JCE ChemEd Xchange provides a place for sharing information and opinions. Currently, articles, blogs and reading lists from ChemEd X contributors are listed below. We plan to include other items that the community wishes to share through their contributions to ChemEd X.
I have in my library several chemistry textbooks from before 1860, but "Chemistry No Mystery" is not one of them. Reflecting as they do an approximation of the chemistry known at the time, they provide insight about the history of both science and pedagogy. I learned about this one from my friend Ron Perkins, a skilled chemical demonstrator, and "Chemistry No Mystery" is the most demonstration-oriented of the old textbooks I have seen.
MIT’s Dan Nocera (soon to be Harvard’s) gave a seminar in our department about a year and a half ago, and I heard him speak again in ACS President Bassam Shakhashiri’s ”Presidential Symposium on Catalysis” at the Spring national meeting in San Diego. The chemistry he described is a beautiful example of how fundamental research can potentially impact the lives of billions of people. Dan and his research group have discovered what appears to be an inexpensive, self-healing, air-tolerant catalytic system to split water into hydrogen and oxygen. We have seen before grand announcements about photocatalytic water-splitting systems, but this one appears not to suffer the fatal flaws of the others – requirement of pure water, expensive ingredients, and short duty cycles.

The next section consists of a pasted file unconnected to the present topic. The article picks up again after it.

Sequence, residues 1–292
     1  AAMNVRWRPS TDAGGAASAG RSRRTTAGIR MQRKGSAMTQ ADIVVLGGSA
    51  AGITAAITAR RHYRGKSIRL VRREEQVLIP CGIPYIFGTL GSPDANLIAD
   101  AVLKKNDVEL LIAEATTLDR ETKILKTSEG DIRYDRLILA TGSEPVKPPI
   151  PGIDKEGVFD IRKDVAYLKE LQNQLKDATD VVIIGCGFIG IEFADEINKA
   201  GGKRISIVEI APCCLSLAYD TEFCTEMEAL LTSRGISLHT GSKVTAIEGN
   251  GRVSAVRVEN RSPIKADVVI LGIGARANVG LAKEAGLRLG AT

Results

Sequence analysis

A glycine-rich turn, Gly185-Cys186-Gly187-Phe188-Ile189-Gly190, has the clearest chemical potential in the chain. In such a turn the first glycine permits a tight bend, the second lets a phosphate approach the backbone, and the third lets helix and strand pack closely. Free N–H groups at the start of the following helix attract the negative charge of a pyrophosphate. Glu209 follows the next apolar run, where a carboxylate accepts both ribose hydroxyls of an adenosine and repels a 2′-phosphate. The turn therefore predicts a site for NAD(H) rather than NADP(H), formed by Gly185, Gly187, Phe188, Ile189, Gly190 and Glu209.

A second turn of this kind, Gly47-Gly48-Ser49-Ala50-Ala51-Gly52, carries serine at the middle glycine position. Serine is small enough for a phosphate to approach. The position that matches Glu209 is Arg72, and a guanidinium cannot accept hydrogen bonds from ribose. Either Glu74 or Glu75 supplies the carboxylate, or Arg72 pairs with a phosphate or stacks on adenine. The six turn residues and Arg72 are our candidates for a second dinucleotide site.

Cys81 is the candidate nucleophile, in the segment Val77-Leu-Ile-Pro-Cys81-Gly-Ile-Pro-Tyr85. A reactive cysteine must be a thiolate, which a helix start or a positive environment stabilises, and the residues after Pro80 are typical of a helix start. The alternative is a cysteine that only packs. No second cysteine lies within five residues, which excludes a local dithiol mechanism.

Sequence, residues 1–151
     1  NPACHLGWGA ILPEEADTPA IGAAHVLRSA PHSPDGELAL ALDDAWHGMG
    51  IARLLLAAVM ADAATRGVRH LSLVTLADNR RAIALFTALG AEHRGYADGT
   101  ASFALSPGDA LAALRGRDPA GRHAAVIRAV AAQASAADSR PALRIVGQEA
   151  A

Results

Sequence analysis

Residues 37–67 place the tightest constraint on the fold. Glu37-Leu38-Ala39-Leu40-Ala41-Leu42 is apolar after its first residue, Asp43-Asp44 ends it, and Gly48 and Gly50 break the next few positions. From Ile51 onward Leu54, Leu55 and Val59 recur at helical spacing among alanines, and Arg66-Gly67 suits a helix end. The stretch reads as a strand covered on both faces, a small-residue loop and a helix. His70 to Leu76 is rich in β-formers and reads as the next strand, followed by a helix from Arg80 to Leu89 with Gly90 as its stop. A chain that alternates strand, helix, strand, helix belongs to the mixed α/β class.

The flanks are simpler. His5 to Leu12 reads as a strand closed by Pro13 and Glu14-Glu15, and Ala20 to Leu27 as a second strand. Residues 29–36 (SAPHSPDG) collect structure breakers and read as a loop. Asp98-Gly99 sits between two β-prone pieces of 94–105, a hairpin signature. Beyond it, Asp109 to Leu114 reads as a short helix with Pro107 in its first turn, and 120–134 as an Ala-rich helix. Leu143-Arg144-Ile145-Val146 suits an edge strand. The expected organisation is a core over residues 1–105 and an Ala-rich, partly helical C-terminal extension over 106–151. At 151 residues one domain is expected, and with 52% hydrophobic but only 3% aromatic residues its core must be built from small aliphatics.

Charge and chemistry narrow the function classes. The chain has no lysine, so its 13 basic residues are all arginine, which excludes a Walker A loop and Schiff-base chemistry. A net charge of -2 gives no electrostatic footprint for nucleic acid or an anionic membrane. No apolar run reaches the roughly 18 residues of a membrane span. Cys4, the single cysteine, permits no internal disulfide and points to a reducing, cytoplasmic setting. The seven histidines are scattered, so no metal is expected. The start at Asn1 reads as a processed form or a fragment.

Suppose that the earth’s atmosphere continues to warm, beyond the levels that we know are already inevitable. Suppose that the arctic permafrost melts, releasing millions of tons of methane, which is about thirty times more effective at warming than is carbon dioxide, as well as much CO2 as is already in the atmosphere. Within a few years, the mean temperature rises by five degrees Celsius or more, sea levels rise, crops fail and millions starve.
The NEXT GENERATION SCIENCE STANDARDS are now available for review until June 1st. Science educators at all levels are encouraged to review the document and complete the associated survey.
JCE Online offered subscription-based access to a collectiion of titles named JCE Web Software. You can find the JCE Web Software collection at the LEARN menu item in the site menu bar. Access to the titles in the collection is still restricted to JCE Web Software subscribers.
All academics are encouraged to become reviewers to keep abreast of new developments in their field, to help shape the direction of their discipline, and as their scholarly responsibility. The article has many more details and is worth a quick look.
What is this? Art? Humor? Sports? Math? – or all of the above? With baseball season starting, I found it irresistible to recommend “Flip Flop Fly Ball”, which reminds me in some ways of the beautiful series of graphical exemplar books by Edward Tufte, and in others of Michael Lewis’ MoneyBall (the book, more than the movie, although the movie was ok).
Welcome to the Chemical Education Xchange (ChemEd X)! We hope to strengthen the community of chemistry educators by providing learning resources and forums for discussion and collaboration right here at this site. Take a look, and join in.